I used to spend two and a half hours a day and around three hundred pounds a month commuting. It was a tiring, expensive and a depressing waste of time. It kept me away from my young children and left them spending long days in childcare. Working from home eliminates all of that. I walk my children to school before settling down with a large coffee and get straight to work.


If the commute doesn't kill your office workers, what will? Offices can be stressful affairs: egos, hierarchies and politics scare the life out of developers. I grew up with a father who suffered from work related anxiety and saw the damage it could do. I've always been determined to find a better way. When I work remotely I can connect with people more freely and I'm removed from much of the dysfunction I see in offices.

Typical developer personalities have much in common with people with Aspergers and as Jeff Atwood put it in 2006:

Replacing the hubbub of the traditional office with a screen and an email address inserts a controllable interface between a programmer and the chaos of everyday life. Flattened workplace hierarchies are more comfortable for those who find it hard to read social cues. A WYSIWYG world, where respect and rewards are based strictly on merit, is an Asperger's dream.


What about the loneliness of the remote worker? Some people thrive on it, some fear it. I personally felt more alone in an office, surrounded by people but anonymous, offices can be lonely places. When working at home I feel more confident, freer and more independent. Some people tell me that they struggle to motivate themselves at home, but I suspect that if you need someone watching over you to stay motivated you're in the wrong job.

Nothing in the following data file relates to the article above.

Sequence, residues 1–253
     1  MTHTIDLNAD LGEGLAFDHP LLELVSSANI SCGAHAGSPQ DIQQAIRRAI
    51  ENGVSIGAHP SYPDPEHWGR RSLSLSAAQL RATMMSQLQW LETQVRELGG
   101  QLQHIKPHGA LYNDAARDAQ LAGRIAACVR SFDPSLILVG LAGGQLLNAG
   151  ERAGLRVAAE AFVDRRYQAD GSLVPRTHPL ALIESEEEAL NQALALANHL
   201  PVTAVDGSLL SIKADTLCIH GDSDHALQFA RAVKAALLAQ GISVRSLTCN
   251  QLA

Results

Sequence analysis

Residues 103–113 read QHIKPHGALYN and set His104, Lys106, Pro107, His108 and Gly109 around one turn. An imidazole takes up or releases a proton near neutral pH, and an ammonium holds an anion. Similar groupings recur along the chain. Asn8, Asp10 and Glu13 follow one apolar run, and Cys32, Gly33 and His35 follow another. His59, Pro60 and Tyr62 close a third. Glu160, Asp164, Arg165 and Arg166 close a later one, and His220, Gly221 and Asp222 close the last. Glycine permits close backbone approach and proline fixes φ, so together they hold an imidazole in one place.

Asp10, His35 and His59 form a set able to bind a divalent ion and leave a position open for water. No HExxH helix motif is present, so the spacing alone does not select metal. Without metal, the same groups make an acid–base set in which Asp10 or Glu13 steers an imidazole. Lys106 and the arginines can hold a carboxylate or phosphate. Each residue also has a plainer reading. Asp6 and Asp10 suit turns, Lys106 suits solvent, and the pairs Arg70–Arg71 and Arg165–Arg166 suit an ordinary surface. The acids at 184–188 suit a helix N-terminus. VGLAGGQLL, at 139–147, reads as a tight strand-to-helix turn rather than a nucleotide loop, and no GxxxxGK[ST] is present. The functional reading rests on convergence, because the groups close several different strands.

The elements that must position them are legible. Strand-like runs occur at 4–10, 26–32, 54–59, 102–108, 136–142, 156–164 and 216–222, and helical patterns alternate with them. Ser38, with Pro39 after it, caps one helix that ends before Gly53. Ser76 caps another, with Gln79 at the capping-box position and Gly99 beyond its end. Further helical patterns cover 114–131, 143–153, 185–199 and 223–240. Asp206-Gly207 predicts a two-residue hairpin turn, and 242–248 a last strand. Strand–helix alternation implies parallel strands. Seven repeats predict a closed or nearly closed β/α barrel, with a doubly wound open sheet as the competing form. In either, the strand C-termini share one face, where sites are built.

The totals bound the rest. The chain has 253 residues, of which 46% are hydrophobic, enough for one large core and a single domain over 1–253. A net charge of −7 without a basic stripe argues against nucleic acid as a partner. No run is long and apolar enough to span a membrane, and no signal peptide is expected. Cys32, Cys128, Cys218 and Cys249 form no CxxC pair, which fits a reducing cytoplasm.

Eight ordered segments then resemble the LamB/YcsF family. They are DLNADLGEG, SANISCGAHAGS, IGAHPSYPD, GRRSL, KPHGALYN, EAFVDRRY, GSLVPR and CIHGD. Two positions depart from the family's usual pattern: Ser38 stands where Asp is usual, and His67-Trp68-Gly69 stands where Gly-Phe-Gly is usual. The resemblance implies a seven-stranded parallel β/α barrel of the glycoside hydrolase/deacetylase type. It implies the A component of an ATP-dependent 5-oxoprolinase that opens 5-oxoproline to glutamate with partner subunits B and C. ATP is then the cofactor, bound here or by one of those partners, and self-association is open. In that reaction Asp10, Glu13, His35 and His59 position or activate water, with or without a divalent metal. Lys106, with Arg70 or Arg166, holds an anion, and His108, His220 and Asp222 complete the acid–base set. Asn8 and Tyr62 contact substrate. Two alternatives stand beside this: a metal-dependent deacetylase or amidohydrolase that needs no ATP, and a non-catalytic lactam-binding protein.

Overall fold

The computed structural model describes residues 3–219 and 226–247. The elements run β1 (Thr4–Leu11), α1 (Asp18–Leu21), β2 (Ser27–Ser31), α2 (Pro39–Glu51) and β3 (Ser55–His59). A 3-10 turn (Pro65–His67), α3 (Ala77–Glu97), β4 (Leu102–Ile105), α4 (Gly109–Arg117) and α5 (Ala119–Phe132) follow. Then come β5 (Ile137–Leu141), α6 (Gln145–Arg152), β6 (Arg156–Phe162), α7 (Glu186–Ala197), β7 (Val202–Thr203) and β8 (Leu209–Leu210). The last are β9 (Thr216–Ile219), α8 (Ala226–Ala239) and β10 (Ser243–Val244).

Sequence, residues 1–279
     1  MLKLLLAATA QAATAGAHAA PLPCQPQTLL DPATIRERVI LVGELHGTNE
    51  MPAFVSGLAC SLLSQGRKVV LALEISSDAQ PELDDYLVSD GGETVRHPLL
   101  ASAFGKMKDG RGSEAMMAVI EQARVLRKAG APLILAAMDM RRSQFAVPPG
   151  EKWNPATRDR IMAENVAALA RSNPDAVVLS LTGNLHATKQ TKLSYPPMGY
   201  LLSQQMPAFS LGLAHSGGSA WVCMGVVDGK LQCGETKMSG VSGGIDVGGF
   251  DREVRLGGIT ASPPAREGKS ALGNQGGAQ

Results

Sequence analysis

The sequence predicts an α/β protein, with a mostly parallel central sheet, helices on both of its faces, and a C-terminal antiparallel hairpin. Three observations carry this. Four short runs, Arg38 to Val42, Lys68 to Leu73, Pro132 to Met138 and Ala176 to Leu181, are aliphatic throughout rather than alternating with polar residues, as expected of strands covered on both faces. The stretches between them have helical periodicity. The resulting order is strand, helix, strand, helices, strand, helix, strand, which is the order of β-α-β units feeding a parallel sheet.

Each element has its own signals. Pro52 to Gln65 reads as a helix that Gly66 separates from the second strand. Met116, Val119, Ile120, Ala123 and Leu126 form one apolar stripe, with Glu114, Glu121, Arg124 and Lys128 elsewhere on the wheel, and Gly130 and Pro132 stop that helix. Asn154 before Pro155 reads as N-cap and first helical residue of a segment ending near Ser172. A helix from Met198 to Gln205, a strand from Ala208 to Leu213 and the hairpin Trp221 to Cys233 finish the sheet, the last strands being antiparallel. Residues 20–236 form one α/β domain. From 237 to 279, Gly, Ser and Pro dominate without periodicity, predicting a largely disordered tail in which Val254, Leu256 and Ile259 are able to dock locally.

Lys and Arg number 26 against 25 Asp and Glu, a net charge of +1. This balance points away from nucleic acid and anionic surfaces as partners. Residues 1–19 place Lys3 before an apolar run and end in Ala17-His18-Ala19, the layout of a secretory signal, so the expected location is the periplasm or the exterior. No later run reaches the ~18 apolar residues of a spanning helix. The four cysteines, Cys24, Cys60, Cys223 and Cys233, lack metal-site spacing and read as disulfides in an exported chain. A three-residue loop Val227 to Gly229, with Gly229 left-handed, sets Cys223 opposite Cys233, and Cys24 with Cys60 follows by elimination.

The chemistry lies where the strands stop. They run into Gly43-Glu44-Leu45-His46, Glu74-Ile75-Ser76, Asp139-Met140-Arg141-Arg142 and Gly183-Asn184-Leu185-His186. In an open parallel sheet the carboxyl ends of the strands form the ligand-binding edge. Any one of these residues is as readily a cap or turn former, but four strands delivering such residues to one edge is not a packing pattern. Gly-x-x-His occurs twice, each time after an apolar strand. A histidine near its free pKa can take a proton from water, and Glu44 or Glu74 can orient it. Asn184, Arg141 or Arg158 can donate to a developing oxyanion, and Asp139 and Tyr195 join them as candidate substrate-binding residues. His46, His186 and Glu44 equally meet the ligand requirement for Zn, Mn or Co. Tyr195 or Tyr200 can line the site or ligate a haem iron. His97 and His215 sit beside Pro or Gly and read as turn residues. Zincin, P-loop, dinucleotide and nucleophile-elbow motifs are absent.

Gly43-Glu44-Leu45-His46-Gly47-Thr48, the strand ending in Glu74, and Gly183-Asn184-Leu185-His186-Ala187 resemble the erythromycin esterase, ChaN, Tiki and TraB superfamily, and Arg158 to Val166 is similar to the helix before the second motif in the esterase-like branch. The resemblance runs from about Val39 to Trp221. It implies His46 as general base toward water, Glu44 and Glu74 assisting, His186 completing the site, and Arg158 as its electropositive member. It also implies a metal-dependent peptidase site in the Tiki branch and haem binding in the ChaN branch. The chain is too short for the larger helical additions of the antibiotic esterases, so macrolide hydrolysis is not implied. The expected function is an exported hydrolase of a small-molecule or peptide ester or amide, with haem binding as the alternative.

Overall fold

I pair program about eighty percent of the time. This type of intense collaboration leaves no time to feel alone. But what about the many developers who prefer not to pair but like to have people around them? Well there is always the local Coffee shop or Co-working space. There are also tools such as Sqwiggle that allow you to see the faces of your team working and quickly initiate a video link.

Social life

And what about those moments around the water cooler where we meet the new guy from accounts or enjoy that quick pint with colleagues over lunch? These connections are important and help us feel part of the organisation. Isn't remote work a bit isolated?

I still enjoy these moments with a remote team. There's plenty of banter in our text and voice chats. The conversations are more positive than those we had in the office: we are all at home and life's good, there's less to moan about. So how else can keep the important social bonds when we are remote? Here's a few suggestions:

  • Encourage people to arrive at the virtual stand-up a few minutes early each day and have a social chat
  • Invite people to social meetings, perhaps on a Friday afternoon to discuss the week before and the week ahead in a relaxed atmosphere. This is a good time to share some learning.